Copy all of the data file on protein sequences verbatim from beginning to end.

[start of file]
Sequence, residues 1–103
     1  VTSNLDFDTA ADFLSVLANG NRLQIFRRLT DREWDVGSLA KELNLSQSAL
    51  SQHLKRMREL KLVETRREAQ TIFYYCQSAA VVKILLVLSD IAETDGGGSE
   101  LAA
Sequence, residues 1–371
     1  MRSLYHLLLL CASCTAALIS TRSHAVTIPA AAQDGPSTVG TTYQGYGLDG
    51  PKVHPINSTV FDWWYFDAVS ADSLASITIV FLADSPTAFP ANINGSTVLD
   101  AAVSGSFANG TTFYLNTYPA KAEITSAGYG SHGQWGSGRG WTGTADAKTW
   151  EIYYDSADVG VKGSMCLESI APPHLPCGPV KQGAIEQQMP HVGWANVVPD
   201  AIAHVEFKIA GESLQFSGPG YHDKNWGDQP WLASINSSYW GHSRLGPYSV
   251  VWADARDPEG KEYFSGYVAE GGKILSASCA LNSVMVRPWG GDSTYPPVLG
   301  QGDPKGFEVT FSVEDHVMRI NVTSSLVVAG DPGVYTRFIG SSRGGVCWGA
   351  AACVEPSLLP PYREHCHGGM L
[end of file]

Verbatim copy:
Sequence, residues 1–103
     1  VTSNLDFDTA ADFLSVLANG NRLQIFRRLT DREWDVGSLA KELNLSQSAL
    51  SQHLKRMREL KLVETRREAQ TIFYYCQSAA VVKILLVLSD IAETDGGGSE
   101  LAA
Sequence, residues 1–371
     1  MRSLYHLLLL CASCTAALIS TRSHAVTIPA AAQDGPSTVG TTYQGYGLDG
    51  PKVHPINSTV FDWWYFDAVS ADSLASITIV FLADSPTAFP ANINGSTVLD
   101  AAVSGSFANG TTFYLNTYPA KAEITSAGYG SHGQWGSGRG WTGTADAKTW
   151  EIYYDSADVG VKGSMCLESI APPHLPCGPV KQGAIEQQMP HVGWANVVPD
   201  AIAHVEFKIA GESLQFSGPG YHDKNWGDQP WLASINSSYW GHSRLGPYSV
   251  VWADARDPEG KEYFSGYVAE GGKILSASCA LNSVMVRPWG GDSTYPPVLG
   301  QGDPKGFEVT FSVEDHVMRI NVTSSLVVAG DPGVYTRFIG SSRGGVCWGA
   351  AACVEPSLLP PYREHCHGGM L